By Aneesa Bhanji
Many women in Toronto Metropolitan University’s (TMU) aerospace engineering program say better representation is needed at both the undergraduate and graduate levels.
Wintta Ghebreiyesus, an aerospace engineering PhD candidate has done her bachelor’s and master’s degrees in aerospace engineering at the university. She estimated that in her time at TMU, women generally made up between 13 to 20 per cent of students in the program.
“We’re currently sitting at about 20 per cent female graduate students in our department,” she said.
In a statement to The Eyeopener, the university confirmed these numbers, adding that the lack of women in the program “has been identified as a priority by the department.”
Data from the university also said that over 90 per cent of applicants self-identifying as women over the last four years were accepted into the undergraduate program. However, on average, only 19 per cent of applicants were women, with the number of female students enrolling in the aerospace engineering program steadily increasing over the years.
Between 2019 to 2022, female enrollment in the undergraduate program increased overall from 13 to 23 per cent. Ghebreiyesus acknowledged that while this is a noticeable increase, women are still in the minority, particularly in senior positions.
“We need more female leaders in aerospace right now, especially at the national level,” she said.
TMU also shared application numbers for the graduate program, with the largest difference coming from the 2021-22 school year. That year, about 84 per cent more men than women applied to the full-time master of engineering program. For the 2022-23 academic year, there was only a difference of about 76 per cent, with men still making up the significantly larger pool of applicants.
“It’s not only going to take the women, it’s also going to require men to be allies as well to really address and break the stigma women face in aerospace and related fields,” Ghebreiyesus said.
Bo Tan, the only female aerospace engineering professor at TMU, said she has seen a similar pattern within the program’s representation.
“I’ve seen quite a lot of female students in the undergraduate program today. But for graduates studying, [female representation] is still very rare,” said Tan.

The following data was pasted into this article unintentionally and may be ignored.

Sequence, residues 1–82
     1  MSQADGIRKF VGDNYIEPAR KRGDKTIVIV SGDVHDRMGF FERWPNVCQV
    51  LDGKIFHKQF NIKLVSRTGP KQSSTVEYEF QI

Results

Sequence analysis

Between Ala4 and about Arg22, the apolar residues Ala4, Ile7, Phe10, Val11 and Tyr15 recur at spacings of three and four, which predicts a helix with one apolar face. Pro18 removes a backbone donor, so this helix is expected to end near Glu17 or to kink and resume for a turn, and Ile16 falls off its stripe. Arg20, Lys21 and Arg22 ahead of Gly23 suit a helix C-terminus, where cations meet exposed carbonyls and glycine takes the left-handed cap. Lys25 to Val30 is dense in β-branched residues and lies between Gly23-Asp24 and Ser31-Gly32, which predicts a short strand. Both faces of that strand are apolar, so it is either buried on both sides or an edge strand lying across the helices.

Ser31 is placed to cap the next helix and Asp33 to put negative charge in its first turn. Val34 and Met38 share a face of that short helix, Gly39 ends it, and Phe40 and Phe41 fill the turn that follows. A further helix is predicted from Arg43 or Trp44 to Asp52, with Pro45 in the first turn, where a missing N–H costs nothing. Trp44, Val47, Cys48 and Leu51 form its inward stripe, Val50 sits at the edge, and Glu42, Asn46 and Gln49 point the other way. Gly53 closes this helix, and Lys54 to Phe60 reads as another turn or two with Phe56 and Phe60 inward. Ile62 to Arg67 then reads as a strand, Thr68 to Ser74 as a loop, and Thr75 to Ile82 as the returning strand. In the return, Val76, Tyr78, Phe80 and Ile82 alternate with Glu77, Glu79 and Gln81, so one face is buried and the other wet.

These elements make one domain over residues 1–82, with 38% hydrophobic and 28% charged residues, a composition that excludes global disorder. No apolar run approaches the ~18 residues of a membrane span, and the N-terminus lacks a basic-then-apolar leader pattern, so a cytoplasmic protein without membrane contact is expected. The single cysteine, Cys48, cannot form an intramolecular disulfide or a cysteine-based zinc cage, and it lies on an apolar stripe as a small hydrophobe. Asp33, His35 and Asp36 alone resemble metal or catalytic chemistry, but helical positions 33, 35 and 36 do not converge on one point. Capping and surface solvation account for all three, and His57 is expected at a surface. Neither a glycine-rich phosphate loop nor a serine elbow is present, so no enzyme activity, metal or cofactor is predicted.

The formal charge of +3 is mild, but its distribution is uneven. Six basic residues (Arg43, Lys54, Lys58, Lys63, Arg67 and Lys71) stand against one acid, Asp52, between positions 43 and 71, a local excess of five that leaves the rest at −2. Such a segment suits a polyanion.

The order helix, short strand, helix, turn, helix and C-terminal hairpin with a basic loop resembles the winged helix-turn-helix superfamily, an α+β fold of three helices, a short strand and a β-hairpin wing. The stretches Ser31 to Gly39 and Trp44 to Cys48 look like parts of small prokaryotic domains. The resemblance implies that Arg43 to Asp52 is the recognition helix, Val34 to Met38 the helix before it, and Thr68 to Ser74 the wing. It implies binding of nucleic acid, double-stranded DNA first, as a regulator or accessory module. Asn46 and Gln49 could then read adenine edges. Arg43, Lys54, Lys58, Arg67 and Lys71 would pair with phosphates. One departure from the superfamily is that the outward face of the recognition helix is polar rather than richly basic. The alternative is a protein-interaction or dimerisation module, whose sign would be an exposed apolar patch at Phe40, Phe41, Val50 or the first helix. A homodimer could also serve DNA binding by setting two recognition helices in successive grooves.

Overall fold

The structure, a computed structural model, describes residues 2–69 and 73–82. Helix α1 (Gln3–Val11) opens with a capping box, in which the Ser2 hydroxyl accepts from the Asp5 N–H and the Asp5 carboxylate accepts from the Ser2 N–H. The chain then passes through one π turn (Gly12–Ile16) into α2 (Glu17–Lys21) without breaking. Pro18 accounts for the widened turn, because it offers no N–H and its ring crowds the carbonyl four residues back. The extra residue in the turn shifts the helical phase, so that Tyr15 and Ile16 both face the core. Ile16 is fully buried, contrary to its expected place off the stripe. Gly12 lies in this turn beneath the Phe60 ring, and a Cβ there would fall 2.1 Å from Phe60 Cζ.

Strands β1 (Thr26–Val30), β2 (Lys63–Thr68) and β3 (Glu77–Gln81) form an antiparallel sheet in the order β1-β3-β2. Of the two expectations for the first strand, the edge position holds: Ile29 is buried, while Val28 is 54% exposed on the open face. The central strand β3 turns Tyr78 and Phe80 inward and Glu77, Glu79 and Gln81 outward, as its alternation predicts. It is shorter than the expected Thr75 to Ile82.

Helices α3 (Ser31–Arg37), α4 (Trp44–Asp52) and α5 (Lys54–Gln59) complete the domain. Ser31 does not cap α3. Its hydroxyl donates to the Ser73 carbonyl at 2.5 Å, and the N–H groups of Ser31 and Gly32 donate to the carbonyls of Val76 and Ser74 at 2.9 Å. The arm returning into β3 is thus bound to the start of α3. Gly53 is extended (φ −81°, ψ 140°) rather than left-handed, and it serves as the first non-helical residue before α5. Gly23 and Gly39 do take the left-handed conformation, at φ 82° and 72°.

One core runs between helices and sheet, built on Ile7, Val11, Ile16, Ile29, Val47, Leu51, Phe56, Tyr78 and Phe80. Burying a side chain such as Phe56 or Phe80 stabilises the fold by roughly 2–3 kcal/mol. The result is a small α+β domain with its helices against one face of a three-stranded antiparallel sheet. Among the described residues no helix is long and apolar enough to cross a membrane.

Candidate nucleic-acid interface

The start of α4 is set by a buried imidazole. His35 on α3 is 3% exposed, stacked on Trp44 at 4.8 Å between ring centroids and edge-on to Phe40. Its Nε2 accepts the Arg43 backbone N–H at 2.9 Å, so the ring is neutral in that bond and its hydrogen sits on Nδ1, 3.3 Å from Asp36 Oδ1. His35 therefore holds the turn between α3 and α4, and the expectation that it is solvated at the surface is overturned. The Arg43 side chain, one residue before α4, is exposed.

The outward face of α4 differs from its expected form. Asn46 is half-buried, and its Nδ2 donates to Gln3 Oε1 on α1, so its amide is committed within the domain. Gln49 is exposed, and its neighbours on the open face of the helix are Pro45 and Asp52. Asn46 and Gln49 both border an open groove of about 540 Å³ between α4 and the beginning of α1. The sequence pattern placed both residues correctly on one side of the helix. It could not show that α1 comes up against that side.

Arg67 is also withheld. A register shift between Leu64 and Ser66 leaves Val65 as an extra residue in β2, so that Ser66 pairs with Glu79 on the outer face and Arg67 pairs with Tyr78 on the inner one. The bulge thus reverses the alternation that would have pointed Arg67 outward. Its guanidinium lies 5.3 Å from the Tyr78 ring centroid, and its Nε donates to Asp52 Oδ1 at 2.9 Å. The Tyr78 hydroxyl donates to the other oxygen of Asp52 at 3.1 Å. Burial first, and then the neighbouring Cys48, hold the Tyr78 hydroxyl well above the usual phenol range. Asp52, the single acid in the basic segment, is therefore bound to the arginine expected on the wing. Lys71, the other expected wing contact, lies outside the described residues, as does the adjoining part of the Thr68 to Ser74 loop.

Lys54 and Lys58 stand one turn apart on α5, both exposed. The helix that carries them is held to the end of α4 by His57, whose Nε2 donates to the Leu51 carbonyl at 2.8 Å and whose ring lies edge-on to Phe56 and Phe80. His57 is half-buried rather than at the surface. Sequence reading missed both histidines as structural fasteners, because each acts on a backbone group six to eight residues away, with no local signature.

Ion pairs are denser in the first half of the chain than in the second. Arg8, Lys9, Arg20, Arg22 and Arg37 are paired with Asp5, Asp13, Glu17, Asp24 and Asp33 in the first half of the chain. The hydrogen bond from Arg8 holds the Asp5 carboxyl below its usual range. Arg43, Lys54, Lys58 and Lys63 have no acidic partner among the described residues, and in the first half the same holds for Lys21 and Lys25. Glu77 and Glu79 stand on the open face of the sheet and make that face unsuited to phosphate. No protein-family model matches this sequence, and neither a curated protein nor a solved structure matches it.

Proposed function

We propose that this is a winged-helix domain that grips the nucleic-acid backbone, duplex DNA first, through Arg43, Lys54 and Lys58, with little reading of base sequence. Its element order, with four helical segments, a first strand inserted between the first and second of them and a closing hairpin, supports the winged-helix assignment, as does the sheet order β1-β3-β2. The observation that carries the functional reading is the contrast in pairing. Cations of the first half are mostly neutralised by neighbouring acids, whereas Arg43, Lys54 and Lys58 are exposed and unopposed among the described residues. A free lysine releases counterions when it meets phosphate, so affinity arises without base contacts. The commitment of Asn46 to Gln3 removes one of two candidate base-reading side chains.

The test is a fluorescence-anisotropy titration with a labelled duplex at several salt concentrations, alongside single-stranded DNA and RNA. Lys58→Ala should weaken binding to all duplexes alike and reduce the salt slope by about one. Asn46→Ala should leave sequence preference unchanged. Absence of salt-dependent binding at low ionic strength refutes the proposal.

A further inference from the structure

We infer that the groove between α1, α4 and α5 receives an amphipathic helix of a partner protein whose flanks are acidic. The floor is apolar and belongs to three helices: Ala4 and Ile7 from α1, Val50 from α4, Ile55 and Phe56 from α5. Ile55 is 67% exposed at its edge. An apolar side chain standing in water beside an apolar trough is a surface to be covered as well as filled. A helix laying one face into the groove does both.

Tan said the aerospace engineering faculty has tried to improve its female representation by attempting to recruit more female faculty members, especially in the research department. According to Tan, the university had to “hunt for people who were qualified for the position” which only resulted in a handful of candidates.
The disparity of men and women in aerospace engineering at TMU is not unique to the school. Across Canada, similar numbers are reported in the field of engineering as a whole. According to Engineers Canada, only 13 per cent of licensed engineers in the country are women.
Damineh Akhavan, a senior engineer and board member at Women in Aerospace Canada, said the representation of women in aerospace engineering is “minimal.” In her 17 years of experience, she said she’s often the only woman of colour on the team.
“I’ve experienced harassment, discrimination, both as a woman and as an immigrant,” she said. “It felt like no one was hearing me.”
“We need more female leaders in aerospace right now”
Akhavan said even having the smallest bit of female representation would have made a big impact.
“When you see someone that looks like you, whether it’s a woman or a person of colour and other immigrants, it empowers you and inspires you to be better. And I never had that,” she said.
Data from Statistics Canada in 2019 shows that one of the most common reasons for women moving away from STEM-related studies is due to “feeling isolated or out of place due to being outnumbered by male peers or [due] to unequal treatment.”
Second-year aerospace engineering student Ayla Ahmad said while she was in training as an aerospace engineer with the Canadian Air Force, she was one of just five women. She said she believes the field is losing out on women engineers because they may feel hesitant about entering a primarily male industry.
“There [are] probably so many women out there who maybe are passionate about spacecraft and aerospace in general,” Ahmad said. “But they just don’t go into it because it’s daunting because it’s a male-dominated industry.”
Last year, Statistics Canada reported that among high school graduates, women are 29 per cent less likely than men to enrol in a post-secondary STEM program after graduation.
“Creating inclusive environments in the workplace can all be good ways of attracting women to the field and to the industry,” Ghebreiyesus said.
In their statement to The Eye, TMU said the school is currently “developing strategies to achieve this.”
TMU plans to add more women representation by increasing “female participation at every level of the department, from first-year undergraduates to academic leadership.”
Akhavan described the lack of women in aerospace engineering as a “chicken and egg” scenario, describing a cyclical issue: women are less likely to see themselves in engineering jobs, so they’re less likely to seek them out, which in turn equates to less representation overall and so on.
“Unless you have representation and some of the issues are addressed, less people will be coming to the industry,” she said. “We’ve had many people who’ve come and left. You need to sort things [out] before more people decide to come in.”
Second-year aerospace engineering undergraduate student Manasvi Vaidya said that her dedication to aerospace engineering is what makes it all “worth it.”
“If you are passionate about something then you should definitely go for it. Even if the career you’re going in is difficult,” said Vaidya. “It’s still worth it, if you’re working toward something you’re passionate about.”